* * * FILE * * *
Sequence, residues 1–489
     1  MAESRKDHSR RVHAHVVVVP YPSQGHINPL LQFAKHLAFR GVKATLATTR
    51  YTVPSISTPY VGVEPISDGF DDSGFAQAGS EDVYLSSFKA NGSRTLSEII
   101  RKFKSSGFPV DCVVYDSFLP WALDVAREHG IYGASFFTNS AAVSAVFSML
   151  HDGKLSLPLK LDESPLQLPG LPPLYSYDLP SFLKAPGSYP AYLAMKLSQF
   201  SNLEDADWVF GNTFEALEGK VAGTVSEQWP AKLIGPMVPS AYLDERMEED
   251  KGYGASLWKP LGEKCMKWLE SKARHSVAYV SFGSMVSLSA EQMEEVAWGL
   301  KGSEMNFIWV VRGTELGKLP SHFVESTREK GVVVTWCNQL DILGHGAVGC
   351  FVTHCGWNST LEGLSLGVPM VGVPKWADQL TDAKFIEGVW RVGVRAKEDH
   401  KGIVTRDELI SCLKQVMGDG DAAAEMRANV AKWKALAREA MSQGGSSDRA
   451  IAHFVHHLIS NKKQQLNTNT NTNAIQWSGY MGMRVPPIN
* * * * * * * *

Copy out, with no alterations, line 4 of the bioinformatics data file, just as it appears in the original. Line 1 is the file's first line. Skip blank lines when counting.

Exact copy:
   101  RKFKSSGFPV DCVVYDSFLP WALDVAREHG IYGASFFTNS AAVSAVFSML